LETTERS: A word to the Older Driver
One day in the pleasant Dorset town in which I live there drove an old man into my local supermarket car park via its exit lane. His car was already covered in dents and scratches.
Although elderly myself, from past professional reflex I gently chided him over his continuing to drive.
I received the magisterial and (to him) unanswerable reply: “I’ve been driving since 1950, you young ****!” Yes, and it showed.
Before I retired I worked as a specialist community psychiatric nurse for the elderly. In close co-operation with other authorities, including GPs, I was often instrumental in terminating an old person’s driving – a hateful task to have to do.
It could mean the loss of freedom; social stimulation and the means fully to care for a completely dependent partner. It can cause real bereavement. It’s a kind of moral amputation.
But no matter how relatively safe other older drivers still appear to be, there is the growing national problem of “incidents” – causing anything from mild infuriation to all-out road rage, to actual collisions.
Sensitive older drivers make every effort to avoid problems. They drive on local roads with which they are familiar and drastically cut down on their mileage.
This is the only reason older drivers appear safer on statistics. Ask any insurance company.
The crux is this; all we older people are affected increasingly with age by mild to moderate Cognitive Deficit. That just means slower reaction times and is often more than compensated for by increased life experience and (sometimes) wisdom.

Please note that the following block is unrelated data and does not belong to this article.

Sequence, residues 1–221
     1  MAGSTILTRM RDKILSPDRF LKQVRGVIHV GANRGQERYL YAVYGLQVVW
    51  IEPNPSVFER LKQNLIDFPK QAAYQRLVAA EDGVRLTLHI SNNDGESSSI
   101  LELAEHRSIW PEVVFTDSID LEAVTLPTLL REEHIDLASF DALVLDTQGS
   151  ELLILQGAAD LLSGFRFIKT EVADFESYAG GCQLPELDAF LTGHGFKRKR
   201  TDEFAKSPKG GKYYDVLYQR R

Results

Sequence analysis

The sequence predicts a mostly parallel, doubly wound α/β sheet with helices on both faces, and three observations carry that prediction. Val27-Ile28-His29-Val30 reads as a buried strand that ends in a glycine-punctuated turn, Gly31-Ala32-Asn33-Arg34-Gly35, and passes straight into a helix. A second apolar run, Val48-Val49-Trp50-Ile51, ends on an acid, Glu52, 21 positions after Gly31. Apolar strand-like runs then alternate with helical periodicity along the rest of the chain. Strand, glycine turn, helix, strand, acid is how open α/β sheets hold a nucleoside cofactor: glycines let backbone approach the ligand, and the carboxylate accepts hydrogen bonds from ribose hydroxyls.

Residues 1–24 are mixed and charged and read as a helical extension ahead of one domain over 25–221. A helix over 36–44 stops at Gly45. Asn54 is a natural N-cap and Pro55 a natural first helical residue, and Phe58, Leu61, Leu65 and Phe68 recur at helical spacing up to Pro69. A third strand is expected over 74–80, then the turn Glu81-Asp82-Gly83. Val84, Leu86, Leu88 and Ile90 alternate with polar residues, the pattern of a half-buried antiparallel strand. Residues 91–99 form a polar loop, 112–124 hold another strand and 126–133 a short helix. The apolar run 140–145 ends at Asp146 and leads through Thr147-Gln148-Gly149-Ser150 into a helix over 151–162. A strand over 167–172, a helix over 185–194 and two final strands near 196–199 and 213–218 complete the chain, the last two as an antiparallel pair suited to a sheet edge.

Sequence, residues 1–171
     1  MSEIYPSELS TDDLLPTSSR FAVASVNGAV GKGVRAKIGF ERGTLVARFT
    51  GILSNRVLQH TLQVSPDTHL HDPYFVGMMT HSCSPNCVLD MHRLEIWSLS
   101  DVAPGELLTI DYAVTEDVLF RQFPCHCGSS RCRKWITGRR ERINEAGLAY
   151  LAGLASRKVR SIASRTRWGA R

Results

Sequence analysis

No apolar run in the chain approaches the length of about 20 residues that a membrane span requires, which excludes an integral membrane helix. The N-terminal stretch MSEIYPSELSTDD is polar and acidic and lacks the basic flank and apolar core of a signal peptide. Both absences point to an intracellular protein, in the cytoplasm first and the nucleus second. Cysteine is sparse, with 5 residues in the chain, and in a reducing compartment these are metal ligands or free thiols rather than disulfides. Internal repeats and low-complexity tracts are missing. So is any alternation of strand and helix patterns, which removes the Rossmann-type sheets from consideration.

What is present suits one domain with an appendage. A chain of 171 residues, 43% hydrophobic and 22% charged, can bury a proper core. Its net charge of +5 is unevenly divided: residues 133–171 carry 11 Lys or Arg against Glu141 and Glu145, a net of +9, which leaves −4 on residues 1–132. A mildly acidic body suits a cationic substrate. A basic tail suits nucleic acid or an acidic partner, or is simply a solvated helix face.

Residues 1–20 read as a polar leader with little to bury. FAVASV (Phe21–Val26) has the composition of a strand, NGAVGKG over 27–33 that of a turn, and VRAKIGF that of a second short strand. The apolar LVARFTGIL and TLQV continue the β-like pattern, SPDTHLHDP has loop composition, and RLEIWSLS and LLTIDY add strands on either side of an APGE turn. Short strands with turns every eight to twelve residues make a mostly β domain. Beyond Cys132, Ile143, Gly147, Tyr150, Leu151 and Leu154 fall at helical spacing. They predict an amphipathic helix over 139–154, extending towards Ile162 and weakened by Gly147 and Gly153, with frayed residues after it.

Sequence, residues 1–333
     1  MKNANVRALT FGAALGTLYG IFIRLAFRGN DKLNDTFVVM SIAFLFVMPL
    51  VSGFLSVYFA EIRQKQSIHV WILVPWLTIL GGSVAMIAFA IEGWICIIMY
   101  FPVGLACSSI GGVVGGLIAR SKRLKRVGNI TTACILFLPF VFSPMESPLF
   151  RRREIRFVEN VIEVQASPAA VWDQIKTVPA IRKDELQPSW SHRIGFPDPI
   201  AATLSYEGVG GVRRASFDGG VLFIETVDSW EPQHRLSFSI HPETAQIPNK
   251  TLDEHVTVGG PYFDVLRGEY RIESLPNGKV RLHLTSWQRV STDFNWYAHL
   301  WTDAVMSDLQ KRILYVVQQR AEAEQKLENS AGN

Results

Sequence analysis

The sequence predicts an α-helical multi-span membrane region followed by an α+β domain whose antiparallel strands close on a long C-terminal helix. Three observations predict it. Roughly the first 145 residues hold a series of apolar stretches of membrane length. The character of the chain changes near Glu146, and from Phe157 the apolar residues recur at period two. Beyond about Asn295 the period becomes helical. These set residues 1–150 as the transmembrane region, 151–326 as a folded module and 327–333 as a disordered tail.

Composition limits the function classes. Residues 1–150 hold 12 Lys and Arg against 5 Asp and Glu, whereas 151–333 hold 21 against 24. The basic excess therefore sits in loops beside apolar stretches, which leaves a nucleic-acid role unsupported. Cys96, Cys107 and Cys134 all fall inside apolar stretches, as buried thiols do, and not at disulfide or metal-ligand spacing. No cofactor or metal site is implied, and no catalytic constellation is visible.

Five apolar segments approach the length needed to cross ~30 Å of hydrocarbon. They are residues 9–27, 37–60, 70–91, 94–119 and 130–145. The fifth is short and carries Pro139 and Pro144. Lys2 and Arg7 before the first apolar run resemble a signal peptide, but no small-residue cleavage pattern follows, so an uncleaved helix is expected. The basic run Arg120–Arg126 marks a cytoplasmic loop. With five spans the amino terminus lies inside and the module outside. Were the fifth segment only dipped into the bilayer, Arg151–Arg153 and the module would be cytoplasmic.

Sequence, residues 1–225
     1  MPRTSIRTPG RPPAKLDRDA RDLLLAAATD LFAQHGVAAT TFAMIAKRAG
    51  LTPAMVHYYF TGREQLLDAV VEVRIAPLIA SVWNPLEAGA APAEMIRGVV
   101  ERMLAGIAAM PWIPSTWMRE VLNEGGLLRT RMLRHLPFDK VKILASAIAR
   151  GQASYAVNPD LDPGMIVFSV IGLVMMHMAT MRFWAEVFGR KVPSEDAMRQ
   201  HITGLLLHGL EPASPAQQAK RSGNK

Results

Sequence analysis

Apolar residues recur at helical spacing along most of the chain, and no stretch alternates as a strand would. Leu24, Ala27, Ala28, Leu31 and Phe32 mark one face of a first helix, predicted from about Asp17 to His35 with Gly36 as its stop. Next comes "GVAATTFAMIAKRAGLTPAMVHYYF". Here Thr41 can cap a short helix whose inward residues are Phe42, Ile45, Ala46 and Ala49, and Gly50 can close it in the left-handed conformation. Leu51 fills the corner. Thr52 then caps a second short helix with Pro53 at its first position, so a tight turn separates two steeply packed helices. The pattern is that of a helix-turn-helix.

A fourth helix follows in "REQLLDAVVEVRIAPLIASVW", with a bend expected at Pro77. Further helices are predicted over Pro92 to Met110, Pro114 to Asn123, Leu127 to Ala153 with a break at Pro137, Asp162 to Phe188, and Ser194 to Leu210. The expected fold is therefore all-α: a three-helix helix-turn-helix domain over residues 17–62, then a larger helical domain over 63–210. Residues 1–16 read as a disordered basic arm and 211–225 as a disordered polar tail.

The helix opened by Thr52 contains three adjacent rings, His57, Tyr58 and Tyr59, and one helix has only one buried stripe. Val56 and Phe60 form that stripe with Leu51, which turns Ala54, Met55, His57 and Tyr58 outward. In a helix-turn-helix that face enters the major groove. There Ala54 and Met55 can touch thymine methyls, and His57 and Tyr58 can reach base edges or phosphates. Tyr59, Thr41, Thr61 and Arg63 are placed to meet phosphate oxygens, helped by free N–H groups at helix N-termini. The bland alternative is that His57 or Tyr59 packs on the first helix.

It doesn’t necessarily lead into real dementia in the majority of cases.
But when driving it’s all somewhat analagous to the effects of one and a half to two units of alcohol. Braking reflexes are slower, inhibitions less restrained and overall concentration blunted and intermittent rather than continuous. And even at an impact speed after braking of “only” 25mph, half a ton of motor car can cause a lot of harm to other human beings. Ouch!
Now here, any older driver will say to themselves, “Yes, of course he’s right, but it doesn’t apply in my own particular case. One day it will, but not yet.” Sounds a bit like St Augustine.
The psychological process here is called Denial. Even decent, honest human beings can in all sincerity deceive themselves and others if what they see as their vital interests are threatened.
Take the compulsory renewal of a driving licence on one’s 70th birthday. There is a long list on the form of medical issues which require only a simple “yes” or “no” replay. Any problematic answer to the DVLC and renewal will be delayed for months following investigation, or even refused.
So guess what? Mysteriously, millions of older drivers confirm there is no medical problem whatever which could preclude that precious green document being renewed. And seriously, who will judge or blame those who can be simply (I hate to use the word) lying? Who will cast the first stone? We are all of us flawed.
What can be done, then? Obviously the ideal solution would be an annual or even three-yearly driving test. But the government who imposed such legislation on such a powerful voting base would commit political suicide. So it will never come about.
The answer then? We older drivers must monitor ourselves much more ruthlessly for our own sake or the sake of our nearest and dearest, or other people’s nearest and dearest. Have the bravery to do the unthinkable. Or do what I’m going to do. Set yourself a date for surrendering that licence.
give up driving on that date and return your licence. But in my case it’s going to be so hard, believe me. I’m already having anticipatory bereavement just thinking about it.
No, it’s not altruism, it’s self-interest. I’ve tested providence hugely over decades and hundreds of thousands of miles. So far so good.
We older drivers have got to be so grateful we’ve reached this point if we’ve had no major driving calamity.
Call in your chipos whilde you’re still ahead.
Hopefully I can still walk down to the pub.
Source: Blackmore Vale Magazine